54 million adults and 300,000 children suffer from some form of arthritis. The most common types of arthritis affect 1 in 4 adults with women and the elderly seeing increased risk. Are genetics playing this role in arthritis?
Surprisingly, arthritis is a very common but not an especially well-understood disease. We know that there are environmental factors that contribute to the development of arthritis.
The question of whether or not genetics plays any role in determining who is at greater risk of getting arthritis is a longstanding and very valid question. New advances in technology, now, allow us to examine more closely and accurately what role genetics and family history have to play in your risk of getting arthritis.
In this article, we take a look at the risk factors associated with your genetics and how they contribute to the common types of arthritis. Finally, we suggest simple steps and resources that you can consider if you have a family history that puts you at increased risk of getting this disease.
Common Forms of Arthritis
The most common form of arthritis is Osteoarthritis, affecting millions of people worldwide. OA occurs when the protective cartilage protecting the ends of your bones wears down over time. This occurs mostly in the hands and knees.
Rheumatoid Arthritis (RA) is an autoimmune disease affecting 1.3 million Americans. An autoimmune disease is an interesting phenomenon. It occurs when the body’s own immune system mistakenly considers its own tissues to be the bad stuff in the same way it attacks bacteria and viruses. Confused, the immune system builds antibodies to seek out and destroy this tissue.
Ankylosing spondylitis, or AS, is a chronic inflammatory disease that causes inflammation in your spinal joints. It is worth mentioning here because approximately 90% of the people affected by AS carry certain genes that can be passed onto other family members.
Quite simply, the answer is yes. Your genetics can play a role in your likelihood of developing common forms of arthritis, but they’re not the sole determining factor. Your genetics do not actually cause autoimmune diseases like rheumatoid arthritis.
In the medical community, the term “genetic predisposition” means an increased chance that you will develop a certain disease based on your genetic makeup and your family history.
“Genetic susceptibility” is an indicator that, under the right conditions, you are at greater risk of developing arthritis. If you have a family history of the common types of arthritis, it would be prudent to take preventative measures so you’re not at such an increased risk as you get older.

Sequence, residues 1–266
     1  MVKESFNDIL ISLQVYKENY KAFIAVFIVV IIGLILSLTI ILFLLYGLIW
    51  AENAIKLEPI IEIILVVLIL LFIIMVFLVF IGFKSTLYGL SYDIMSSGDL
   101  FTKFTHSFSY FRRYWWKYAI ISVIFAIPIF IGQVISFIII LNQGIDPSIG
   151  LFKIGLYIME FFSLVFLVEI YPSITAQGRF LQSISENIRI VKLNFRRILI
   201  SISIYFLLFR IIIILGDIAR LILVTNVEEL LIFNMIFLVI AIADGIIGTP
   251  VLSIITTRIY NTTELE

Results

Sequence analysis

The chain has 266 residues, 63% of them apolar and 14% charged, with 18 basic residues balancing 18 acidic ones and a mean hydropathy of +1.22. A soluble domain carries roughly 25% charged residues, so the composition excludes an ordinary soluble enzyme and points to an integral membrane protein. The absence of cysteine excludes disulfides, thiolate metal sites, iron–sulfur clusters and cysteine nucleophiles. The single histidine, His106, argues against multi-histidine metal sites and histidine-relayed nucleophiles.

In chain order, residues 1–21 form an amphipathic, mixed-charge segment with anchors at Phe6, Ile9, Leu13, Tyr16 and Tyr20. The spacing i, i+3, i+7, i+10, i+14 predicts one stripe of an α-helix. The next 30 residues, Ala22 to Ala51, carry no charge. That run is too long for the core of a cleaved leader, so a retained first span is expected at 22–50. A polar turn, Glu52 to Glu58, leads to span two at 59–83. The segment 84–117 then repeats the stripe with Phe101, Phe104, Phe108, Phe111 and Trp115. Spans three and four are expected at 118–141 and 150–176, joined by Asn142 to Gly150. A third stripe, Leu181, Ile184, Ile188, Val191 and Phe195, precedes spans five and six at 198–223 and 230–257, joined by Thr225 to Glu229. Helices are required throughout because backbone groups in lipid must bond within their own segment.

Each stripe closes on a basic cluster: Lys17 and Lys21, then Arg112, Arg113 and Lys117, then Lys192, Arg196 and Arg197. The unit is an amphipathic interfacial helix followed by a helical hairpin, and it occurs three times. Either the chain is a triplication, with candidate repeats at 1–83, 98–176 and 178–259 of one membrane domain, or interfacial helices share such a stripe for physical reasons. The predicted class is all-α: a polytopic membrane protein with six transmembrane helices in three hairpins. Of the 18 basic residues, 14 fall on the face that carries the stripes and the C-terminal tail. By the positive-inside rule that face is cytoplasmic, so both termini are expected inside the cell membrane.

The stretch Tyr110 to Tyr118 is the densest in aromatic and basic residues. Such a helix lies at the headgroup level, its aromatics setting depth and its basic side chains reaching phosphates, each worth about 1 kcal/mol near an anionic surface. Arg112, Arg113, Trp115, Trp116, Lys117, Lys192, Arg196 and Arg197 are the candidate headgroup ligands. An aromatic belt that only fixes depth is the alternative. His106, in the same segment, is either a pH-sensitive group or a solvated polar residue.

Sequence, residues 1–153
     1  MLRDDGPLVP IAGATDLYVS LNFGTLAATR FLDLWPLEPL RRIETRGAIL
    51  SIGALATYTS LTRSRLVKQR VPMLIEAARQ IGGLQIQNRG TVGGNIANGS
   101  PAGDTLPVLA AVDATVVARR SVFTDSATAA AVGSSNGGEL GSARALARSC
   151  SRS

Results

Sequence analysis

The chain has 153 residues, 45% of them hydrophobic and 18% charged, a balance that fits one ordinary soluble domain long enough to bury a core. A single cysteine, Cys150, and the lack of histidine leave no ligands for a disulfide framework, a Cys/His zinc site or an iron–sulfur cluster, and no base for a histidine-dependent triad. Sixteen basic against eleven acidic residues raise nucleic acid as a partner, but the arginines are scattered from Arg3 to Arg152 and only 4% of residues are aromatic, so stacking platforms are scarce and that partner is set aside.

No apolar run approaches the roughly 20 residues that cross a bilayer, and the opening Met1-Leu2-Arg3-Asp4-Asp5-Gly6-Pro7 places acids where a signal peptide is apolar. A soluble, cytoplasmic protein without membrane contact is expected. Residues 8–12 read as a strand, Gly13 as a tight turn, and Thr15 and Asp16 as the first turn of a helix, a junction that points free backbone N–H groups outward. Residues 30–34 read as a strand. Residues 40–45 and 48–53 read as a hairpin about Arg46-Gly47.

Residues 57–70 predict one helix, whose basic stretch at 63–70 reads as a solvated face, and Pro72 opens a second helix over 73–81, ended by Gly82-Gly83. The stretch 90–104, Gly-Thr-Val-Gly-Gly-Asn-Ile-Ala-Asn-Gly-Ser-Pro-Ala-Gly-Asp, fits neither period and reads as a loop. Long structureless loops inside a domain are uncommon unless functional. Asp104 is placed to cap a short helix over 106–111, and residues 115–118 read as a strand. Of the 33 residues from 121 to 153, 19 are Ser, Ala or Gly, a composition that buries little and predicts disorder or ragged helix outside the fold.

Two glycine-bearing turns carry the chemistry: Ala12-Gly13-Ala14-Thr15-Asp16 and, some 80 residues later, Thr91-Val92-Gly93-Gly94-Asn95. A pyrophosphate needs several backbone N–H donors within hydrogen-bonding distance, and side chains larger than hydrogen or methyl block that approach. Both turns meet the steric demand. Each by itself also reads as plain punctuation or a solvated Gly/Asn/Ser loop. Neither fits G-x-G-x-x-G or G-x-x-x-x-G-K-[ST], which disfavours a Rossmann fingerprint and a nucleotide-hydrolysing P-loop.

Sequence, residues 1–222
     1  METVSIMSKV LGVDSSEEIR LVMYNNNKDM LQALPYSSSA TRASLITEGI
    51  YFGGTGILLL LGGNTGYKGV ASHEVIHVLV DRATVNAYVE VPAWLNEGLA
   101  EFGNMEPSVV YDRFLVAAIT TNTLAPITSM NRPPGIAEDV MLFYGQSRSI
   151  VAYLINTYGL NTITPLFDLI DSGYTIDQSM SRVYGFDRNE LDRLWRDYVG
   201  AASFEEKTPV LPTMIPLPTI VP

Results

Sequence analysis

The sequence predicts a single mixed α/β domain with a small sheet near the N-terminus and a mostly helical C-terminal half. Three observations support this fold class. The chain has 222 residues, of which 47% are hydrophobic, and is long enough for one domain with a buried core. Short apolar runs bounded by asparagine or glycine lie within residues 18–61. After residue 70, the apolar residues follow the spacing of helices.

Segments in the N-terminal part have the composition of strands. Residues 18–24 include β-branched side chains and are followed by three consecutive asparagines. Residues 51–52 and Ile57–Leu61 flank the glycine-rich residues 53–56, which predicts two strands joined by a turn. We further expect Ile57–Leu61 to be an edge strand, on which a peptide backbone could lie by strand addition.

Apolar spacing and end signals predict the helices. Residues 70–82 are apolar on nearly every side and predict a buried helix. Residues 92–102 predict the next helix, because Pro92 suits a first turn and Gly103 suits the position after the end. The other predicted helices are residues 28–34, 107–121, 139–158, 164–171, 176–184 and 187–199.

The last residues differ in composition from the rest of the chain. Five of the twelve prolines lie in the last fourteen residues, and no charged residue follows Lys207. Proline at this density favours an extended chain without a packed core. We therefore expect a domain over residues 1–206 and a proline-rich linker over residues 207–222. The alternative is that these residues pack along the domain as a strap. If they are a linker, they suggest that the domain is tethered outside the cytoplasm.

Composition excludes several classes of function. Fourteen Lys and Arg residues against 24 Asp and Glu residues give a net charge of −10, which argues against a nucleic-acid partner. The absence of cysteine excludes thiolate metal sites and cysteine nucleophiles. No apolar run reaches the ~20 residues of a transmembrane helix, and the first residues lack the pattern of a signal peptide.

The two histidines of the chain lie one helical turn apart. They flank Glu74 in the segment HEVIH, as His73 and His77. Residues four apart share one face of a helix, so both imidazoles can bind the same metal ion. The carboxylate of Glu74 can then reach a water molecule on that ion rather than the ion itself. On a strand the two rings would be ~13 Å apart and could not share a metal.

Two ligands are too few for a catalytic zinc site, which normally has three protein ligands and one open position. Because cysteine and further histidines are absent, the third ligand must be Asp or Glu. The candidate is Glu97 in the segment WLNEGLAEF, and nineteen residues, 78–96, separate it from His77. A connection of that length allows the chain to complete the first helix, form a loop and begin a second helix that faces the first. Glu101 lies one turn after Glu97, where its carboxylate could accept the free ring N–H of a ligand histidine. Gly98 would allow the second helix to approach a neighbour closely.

Genetics and Autoimmune Disease – Rheumatoid Arthritis (RA)
The consensus among medical professionals is that a combination of environmental and genetic factors plays a role in the cause of RA and there is research that demonstrates that more than 100 positions in the human DNA code could be directly related to RA.
A family of genes referred to as HLA genes are thought to have a close association with RA. HLA genes stand for human leukocyte antigen. According to the Arthritis Foundation, the people that have these HLA genes in their genetic makeup are five times more likely to be affected by RA than those who do not.
Arthritis & Family History
In this section, we will go over the tie between arthritis and family history. Firstly, the research that has been done presents clear evidence that there is a connection between family history and arthritis. Secondly, family history and genetics can make you more susceptible to environmental factors that can trigger arthritis. While risk factors may seem higher when a family member has arthritis, most diseases aren’t determined by genetic makeup alone.
There is no substitute for professional medical advice when you begin to see the signs and symptoms of arthritis. However, there are preventative resources and exercises you can take advantage of.
Preventing Arthritis with Exercise and Diet Supplements
One of your best defenses against the risk of developing different types of arthritis is a regular exercise routine. Exercise helps your body to increase muscle and bone strength to reduce joint pain naturally. Online research will yield many exercises that you can do to stave off the effects of arthritis, like walking, certain hand exercises and even yoga routines can be an enjoyable form of exercise that can help prevent the onset of arthritis.
In terms of diet supplements that are available to fight the symptoms of arthritis, it can be confusing. The sheer number of products alone can cause anxiety when you want to choose the best one.
One highly reputable diet supplement with excellent reviews is JointFuel360, a dietary vitamin resource that is backed by numerous testimonials from athletes and physicians. JointFuel360 goes a long way in fighting the soreness and pain that comes from arthritis.
The primary ingredients of this health supplement are as follows:
- Black pepper extract
- Hyaluronic acid
- Boswellia serrate extract
All of these ingredients work together to relieve your joint pain. The significant benefits many users have found are as follows:
- Reduce inflammation
- Rapid muscle recovery
- Increase mobility
As always, you should consult your physician or registered dietitian before taking any dietary supplement. Do the proper research to be sure the exercises you are doing are safe. Also, ensure the vitamins and supplements that you are considering are legitimate. Always consider the product reviews and the company manufacturing the products.
Overall, the medical community continues its quest to completely understand arthritis and its causes. We need to do our part in understanding the importance of our family history. It is a key step in the management and prevention of the onset of these arthritic diseases.